In 2010, Columbia University received a donation of an extensive collection of Edward Gorey items from Andrew Alpern, an architectural historian and attorney who spent four decades acquiring the illustrator’s work. The 700 objects in the collection include almost every edition of every book Gorey published, as well as drawings, etchings and pieces of his design and illustration work. Gorey Preserved, now exhibited at the Rare Book and Manuscript Library at Columbia University, is a glimpse into the collection, and into Gorey’s mischievously dark world, where death could be as playful a character as a cat on a unicycle.
Although he worked for many years in New York City, writing over 90 books in his career and illustrating many others, he had been living in the Elephant House, named for his favorite animal, in Cape Cod prior to his death from a heart attack in 2000. (The exhibit includes his Elefantomas collagraph print series, which have much more fluid, sensual lines and movement to them than his usual cross hatched style.) The undistinguished, somewhat rickety, two-story home in Yarmouth Port, Massachusetts, is now the Edward Gorey House, a museum devoted to his art and life. An animal-lover to the end, Gorey had left his estate to a charitable trust benefiting cats and dogs, as well as less precious animals like bats and insects, and his remaining cats continued to live at the house.
Gorey Preserved is cluttered with books, art, news clippings, theater posters and other ephemera in cases lining the Rare Book and Manuscript Library, which has some atmospheric old book presses and studious researchers behind a glass wall. The exhibit also includes one of Gorey’s fur coats, a coyote parka. It’s one of many fur coats the artist bundled over his tall figure, becoming a slightly anthropomorphic character himself, although in the 1980s he decided he cared too much for animals to wear their skin and put the fur coats in storage. The coat is definitely an eye-catcher when you enter the exhibit, although if you were unfamiliar with Gorey as a person, you might get the wrong impression that it was an exhibit on Antarctic exploration. Gorey Preserved is sparse on exhibit text, with a few anecdotes positioned alongside the objects, but little in the way of chronology or elaboration on Gorey’s inspirations or the art he continues to inspire.
Visitors to the exhibit are plunged into a tumult of Gorey’s work, where brooding Victorian imagery combined with fantastic creatures and Dickensian characters. In addition to his literary illustrations, the exhibit also focuses on the work he did for the theater, including promotional materials and merchandise for the Metropolitan Opera and the New York City Ballet, which he attended obsessively and used as inspiration for two books, The Gilded Bat (1966) and The Lavender Leotard (1973).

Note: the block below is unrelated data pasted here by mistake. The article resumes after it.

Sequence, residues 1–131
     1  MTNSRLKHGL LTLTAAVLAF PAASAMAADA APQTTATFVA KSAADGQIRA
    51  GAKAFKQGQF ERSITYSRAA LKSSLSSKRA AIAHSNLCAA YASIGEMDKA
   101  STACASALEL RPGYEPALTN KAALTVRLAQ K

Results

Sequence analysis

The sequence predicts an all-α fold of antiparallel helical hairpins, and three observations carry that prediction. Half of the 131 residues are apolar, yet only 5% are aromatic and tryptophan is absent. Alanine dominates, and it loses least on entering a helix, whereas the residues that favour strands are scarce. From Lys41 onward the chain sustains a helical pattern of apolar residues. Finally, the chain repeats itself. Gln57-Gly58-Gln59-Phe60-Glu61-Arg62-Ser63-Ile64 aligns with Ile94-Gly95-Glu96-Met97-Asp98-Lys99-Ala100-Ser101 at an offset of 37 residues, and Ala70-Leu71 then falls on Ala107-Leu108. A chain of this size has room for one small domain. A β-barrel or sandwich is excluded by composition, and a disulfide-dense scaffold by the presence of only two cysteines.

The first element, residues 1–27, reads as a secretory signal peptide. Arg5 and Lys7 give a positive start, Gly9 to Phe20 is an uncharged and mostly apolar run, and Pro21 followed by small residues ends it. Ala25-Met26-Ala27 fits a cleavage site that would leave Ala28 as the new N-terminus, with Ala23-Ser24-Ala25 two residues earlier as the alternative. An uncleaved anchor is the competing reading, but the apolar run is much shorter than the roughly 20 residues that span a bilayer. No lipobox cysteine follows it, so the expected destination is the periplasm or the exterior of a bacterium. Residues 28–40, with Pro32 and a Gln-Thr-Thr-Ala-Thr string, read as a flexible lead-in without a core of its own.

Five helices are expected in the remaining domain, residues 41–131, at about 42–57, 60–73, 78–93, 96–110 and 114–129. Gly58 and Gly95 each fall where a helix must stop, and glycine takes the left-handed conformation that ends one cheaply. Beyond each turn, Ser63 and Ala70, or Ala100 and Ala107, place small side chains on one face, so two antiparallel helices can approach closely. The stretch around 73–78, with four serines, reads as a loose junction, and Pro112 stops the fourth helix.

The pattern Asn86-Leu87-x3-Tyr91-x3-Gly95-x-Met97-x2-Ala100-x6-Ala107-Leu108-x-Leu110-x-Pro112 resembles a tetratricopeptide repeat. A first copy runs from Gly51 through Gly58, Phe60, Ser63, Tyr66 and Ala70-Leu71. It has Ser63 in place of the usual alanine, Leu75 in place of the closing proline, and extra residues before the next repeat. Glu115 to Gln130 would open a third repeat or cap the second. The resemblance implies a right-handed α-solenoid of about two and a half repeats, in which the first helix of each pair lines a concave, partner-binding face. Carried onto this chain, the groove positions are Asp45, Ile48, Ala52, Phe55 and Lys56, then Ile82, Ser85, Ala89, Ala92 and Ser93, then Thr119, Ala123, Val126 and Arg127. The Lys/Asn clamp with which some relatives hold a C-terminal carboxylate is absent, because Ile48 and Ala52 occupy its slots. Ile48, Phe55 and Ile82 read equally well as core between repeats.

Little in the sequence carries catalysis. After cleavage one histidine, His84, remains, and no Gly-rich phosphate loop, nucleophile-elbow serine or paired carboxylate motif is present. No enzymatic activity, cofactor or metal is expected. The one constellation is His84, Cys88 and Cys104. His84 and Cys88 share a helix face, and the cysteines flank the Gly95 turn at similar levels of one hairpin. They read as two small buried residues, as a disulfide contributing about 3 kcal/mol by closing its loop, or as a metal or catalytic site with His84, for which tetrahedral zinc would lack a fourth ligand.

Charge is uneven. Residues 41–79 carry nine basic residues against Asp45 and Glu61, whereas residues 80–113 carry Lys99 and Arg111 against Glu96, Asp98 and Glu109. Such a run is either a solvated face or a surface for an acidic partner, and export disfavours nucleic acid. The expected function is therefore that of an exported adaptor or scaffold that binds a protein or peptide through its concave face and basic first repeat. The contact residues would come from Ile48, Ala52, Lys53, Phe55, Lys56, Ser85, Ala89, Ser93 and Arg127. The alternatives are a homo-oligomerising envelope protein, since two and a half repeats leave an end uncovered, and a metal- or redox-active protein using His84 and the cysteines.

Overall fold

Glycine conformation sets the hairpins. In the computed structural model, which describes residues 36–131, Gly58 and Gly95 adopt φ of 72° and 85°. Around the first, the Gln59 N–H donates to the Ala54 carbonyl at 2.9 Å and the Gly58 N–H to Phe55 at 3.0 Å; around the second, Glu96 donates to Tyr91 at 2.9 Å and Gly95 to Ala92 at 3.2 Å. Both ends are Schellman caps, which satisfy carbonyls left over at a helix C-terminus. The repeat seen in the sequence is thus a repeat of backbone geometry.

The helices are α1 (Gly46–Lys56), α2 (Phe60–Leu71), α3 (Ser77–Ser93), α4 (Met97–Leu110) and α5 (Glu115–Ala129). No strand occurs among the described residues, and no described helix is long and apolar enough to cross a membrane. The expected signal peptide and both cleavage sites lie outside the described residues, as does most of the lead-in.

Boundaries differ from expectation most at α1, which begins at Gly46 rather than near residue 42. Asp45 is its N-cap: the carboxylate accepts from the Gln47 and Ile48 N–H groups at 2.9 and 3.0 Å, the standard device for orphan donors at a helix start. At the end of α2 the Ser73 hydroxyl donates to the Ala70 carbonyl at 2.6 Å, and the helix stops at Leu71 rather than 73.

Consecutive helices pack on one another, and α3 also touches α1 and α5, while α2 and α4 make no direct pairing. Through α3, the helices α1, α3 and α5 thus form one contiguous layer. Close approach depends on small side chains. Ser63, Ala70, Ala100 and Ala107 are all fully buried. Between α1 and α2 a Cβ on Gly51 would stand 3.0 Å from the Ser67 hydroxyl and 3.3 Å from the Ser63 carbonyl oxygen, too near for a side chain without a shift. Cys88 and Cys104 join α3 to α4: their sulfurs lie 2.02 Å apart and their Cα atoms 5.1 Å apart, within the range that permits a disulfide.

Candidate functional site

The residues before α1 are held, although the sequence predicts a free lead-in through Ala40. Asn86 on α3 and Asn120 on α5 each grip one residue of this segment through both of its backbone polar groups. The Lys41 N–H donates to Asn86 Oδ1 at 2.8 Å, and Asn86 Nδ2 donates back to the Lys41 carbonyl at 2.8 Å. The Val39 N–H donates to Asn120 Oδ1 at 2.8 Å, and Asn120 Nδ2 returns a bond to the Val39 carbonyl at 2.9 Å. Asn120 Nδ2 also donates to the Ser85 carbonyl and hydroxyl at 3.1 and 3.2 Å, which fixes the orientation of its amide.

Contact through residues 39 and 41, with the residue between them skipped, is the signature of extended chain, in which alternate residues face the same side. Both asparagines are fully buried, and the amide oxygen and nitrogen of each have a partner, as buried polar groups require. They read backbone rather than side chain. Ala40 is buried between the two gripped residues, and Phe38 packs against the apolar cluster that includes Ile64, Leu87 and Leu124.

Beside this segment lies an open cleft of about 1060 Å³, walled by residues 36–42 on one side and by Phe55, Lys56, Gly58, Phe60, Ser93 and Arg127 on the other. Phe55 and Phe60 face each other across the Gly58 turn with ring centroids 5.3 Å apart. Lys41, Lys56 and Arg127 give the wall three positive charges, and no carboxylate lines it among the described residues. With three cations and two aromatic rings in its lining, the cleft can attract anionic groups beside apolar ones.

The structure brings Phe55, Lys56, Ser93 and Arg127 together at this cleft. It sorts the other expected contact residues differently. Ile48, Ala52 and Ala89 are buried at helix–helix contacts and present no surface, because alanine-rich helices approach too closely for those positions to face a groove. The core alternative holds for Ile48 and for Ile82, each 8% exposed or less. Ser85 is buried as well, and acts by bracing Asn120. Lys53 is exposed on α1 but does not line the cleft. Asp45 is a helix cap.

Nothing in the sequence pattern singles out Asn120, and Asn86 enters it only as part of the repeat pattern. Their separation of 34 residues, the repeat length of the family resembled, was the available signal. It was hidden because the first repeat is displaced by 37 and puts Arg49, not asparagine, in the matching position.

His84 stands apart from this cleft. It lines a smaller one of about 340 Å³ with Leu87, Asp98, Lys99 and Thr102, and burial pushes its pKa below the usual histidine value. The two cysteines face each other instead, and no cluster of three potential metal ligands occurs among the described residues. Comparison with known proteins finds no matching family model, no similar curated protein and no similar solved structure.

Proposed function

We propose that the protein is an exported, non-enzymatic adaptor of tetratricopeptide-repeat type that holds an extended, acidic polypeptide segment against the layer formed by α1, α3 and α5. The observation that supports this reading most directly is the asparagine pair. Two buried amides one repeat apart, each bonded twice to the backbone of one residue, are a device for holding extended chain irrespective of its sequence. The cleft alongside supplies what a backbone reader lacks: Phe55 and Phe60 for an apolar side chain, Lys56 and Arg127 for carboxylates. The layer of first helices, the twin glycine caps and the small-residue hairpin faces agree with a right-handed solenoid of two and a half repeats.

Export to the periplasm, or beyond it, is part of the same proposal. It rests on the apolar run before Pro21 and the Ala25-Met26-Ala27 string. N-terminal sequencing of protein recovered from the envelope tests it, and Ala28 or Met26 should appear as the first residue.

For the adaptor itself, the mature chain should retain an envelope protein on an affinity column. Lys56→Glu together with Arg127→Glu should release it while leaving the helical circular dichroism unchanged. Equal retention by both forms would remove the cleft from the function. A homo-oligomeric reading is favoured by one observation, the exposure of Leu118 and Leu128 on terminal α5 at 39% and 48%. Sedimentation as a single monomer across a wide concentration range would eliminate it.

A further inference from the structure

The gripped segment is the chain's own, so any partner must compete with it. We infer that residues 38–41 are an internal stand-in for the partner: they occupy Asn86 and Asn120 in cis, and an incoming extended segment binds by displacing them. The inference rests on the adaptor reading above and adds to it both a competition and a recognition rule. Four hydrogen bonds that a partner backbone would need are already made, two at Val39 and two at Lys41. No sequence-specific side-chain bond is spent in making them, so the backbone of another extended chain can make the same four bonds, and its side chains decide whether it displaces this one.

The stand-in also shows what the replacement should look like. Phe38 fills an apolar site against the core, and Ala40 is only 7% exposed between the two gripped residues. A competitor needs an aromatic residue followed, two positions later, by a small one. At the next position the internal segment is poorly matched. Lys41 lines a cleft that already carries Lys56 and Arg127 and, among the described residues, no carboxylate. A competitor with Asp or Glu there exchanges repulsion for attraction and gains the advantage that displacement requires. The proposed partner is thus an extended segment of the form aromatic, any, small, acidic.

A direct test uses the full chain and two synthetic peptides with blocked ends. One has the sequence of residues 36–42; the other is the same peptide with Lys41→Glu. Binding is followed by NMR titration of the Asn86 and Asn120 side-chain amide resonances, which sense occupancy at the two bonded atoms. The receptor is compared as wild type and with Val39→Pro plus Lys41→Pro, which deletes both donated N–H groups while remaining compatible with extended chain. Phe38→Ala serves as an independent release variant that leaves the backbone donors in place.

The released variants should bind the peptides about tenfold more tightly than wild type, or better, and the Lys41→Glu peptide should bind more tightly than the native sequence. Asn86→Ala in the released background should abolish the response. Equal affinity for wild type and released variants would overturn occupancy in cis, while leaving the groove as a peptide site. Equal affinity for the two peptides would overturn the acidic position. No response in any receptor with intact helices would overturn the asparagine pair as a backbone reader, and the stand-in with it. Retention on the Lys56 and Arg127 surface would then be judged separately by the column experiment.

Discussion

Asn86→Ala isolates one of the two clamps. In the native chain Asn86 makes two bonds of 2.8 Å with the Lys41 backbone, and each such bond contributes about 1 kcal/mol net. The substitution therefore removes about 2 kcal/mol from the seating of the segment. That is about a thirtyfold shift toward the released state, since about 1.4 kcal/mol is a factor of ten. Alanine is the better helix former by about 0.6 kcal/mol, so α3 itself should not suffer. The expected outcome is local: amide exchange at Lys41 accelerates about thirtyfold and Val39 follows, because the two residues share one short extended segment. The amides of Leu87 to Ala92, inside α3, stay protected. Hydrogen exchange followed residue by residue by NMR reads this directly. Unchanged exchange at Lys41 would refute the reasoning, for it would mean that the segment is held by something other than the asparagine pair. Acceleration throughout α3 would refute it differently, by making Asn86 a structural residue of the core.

In 1973, he designed a production of Dracula for a small theater on Nantucket that would open on Broadway in 1977 as Edward Gorey’s Dracula, for which he won a Tony award for costume design.
Early in his career, Gorey worked for the Art Department at Doubleday, where his distinctive illustrations danced over the covers of books like H. G. Wells’ The War of the Worlds and T.S. Eliot’s Old Possum’s Book of Practical Cats. Gorey’s own books, however, were where his mind escaped to wander into ominous, yet endearing, darkness.
That Gorey is sometimes viewed as a children’s book author is an indirect result of his whimsical illustrations, as Gorey was not specifically writing for kids in most of his work. Yet it’s the childlike, almost naive, nature of his art that catches you into his world of oddities. In his first book, The Doubtful Guest (1957), a scarf-wearing creature suddenly appears in a Victorian family’s life, performing strange and unsettling acts. “It would carry off the objects of which it grew fond/And protect them by dropping them in the pond”; and “It wrenched off the horn of the new gramophone/And could not be persuaded to leave it alone.” Gorey’s work was much like this strange creature, something you invite in, put at ease by its charming appearance and end up somewhere ghastly.
In one of Gorey’s most famous images, death holds an umbrella over a school of children with gaping, innocent eyes, an illustration created for the cover of The Gashlycrumb Tinies, an alphabetical listing of unfortunate children’s deaths, including “B is for Basil assaulted by Bears” and “O is for Olive run through with an awl.” It is, to steal a line from Burt Lancaster in the 1957 film noir Sweet Smell of Success, a “cookie full of arsenic.”
Gorey’s obituary in the Guardian quoted him as saying: “I see no disparity between my books and everyday life … I write about everyday life.” Gorey Preserved is an argument for that, a retrospective on a career that made the bizarre and nonsensical curiously accessible and acceptable, in a large part because there is such a genuine feeling behind them and a skillful wit.
After Gorey passed away, part of his ashes were buried by his family in Ohio, another part scattered in the harbor off Cape Cod and the rest preserved to be strewn upon the yard of his Elephant House once his remaining pet cats died. A final scene of morbid whimsy straight out of Gorey’s illustrated world.
Gorey Preserved continues through July 27 at the Rare Book and Manuscript Library at Columbia University (535 W 114th Street, Manhattan).
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